One of the biggest concerns for streaming video platforms and their investors is the prospect of churn -- or viewers canceling their subscriptions and moving on. The height of the pandemic resulted in unprecedented adoption of in-home entertainment options and direct-to-consumer programming. Since then, however, viewers returning to their normal, everyday activities are abandoning their paid subscription platforms in record numbers.
Given the growing competition in the streaming video space and an increasingly uncertain economy, a recent survey of streaming subscribers helps to shed light on what streaming subscriptions consumers will dump first and which will be the last to go.
Making the cut
A survey of British households concluded that viewers are canceling streaming video subscriptions at a record clip to start off this year, according to data compiled by analytics group Kantar. The research noted that inflation has climbed to 30-year highs in recent months, causing consumers in the United Kingdom (U.K.) to reassess their budgeting priorities.
U.K. viewers canceled 1.5 million streaming video subscriptions during the first quarter, up 25% year over year and up 44% sequentially. The highest level of respondents ever (38%) attributed their decision to "money saving." This came as consumers faced higher costs for everything from food and clothing to energy bills.
Like their U.S. counterparts, British households are dealing with rates of inflation not experienced in decades, but when it came to ditching their paid programming, not all streamers were created equal. As consumers began to prioritize which streaming services provided the least value, Disney's (DIS 0.29%) Disney+ and Apple's (AAPL 0.15%) Apple TV+ were among the first to go.
It's widely acknowledged that these more recent arrivals to the streaming wars have relatively limited catalogs of content compared to some of their larger rivals, which might account for the higher rate of cancellations. Some investors had theorized that the focus on higher-quality content by Apple and Disney might insulate them from the defections, but that turned out not to be the case.
The services with the greatest staying power were Netflix (NFLX -0.33%) and Amazon's (AMZN) Prime Video. Given the vast libraries of content boasted by the two streaming giants, this suggests that when times get tough, audiences may be looking for deeper, more robust programming libraries.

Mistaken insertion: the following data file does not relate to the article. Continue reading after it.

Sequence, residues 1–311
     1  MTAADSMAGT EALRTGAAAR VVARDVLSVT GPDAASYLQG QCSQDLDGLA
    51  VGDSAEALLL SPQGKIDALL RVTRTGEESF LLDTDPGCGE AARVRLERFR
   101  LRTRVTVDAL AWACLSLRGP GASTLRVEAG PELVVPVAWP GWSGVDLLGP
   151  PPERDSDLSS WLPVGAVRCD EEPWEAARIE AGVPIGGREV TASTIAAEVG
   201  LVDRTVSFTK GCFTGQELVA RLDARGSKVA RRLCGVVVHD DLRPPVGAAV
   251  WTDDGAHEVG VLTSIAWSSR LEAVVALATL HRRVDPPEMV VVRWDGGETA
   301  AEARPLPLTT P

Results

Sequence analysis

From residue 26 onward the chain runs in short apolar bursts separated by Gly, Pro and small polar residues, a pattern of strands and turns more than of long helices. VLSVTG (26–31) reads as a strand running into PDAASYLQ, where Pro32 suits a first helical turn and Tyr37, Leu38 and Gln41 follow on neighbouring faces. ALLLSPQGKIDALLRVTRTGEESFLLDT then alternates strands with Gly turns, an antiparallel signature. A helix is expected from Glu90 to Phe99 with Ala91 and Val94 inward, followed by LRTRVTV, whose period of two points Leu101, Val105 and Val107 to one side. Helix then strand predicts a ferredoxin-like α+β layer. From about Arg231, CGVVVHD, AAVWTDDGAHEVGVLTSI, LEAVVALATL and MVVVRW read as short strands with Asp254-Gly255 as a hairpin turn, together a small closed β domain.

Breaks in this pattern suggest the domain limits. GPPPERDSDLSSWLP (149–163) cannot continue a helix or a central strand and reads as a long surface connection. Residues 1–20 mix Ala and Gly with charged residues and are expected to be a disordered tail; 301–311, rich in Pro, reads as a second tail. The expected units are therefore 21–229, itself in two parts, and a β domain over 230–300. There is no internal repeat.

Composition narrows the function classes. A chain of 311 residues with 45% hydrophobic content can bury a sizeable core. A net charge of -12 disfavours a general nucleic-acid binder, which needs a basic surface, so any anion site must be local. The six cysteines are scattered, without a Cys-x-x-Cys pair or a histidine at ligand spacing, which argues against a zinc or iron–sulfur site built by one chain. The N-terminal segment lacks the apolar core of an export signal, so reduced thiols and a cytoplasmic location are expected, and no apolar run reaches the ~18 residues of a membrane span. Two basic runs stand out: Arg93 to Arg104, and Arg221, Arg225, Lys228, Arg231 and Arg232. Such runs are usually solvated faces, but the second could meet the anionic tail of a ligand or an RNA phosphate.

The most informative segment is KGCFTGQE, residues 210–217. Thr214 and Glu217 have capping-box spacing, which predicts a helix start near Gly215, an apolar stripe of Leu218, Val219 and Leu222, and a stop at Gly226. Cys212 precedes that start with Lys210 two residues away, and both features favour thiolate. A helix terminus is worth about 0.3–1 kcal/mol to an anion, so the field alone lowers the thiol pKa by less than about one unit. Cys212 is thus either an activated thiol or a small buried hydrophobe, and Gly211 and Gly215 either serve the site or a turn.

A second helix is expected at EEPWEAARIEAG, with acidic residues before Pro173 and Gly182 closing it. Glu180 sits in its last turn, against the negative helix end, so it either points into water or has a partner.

The report noted, however, that there were increased churn rates across the board. While it was mum on exactly how many paying customers canceled their subscriptions for each of the services, it noted there was a "clear difference" in cancellations between the top tier streamers, noting that Netflix and Amazon Prime would be "the last to go when households are forced to prioritize spend."
The research revealed that Reacher, a thriller on Amazon Prime, was the most-watched program during the first three months of 2022, followed by Netflix titles Ozark and Inventing Anna. The data seems to confirm that a streaming platform with an extensive library has a clear advantage over a service with limited offerings, providing ballast against the effects of churn.
Good news for Netflix?
The news comes at a critical juncture for industry leader Netflix. The streaming pioneer recently reported its first-quarter results, which included its first loss of subscribers in more than a decade. To be fair, if not for the company's strategic decision to withdraw its business from Russia, its subscriber numbers would have actually increased. That said, management suggested there could be more pain in store, forecasting a decline of 2 million additional subscribers in the second quarter.
There's always the chance that Netflix was being conservative in its guidance. Based on the results of the survey, when consumers are considering cutting back, Netflix could have more staying power than most of its streaming rivals.
Given the events of last week, that's a welcome bit of good news for Netflix investors.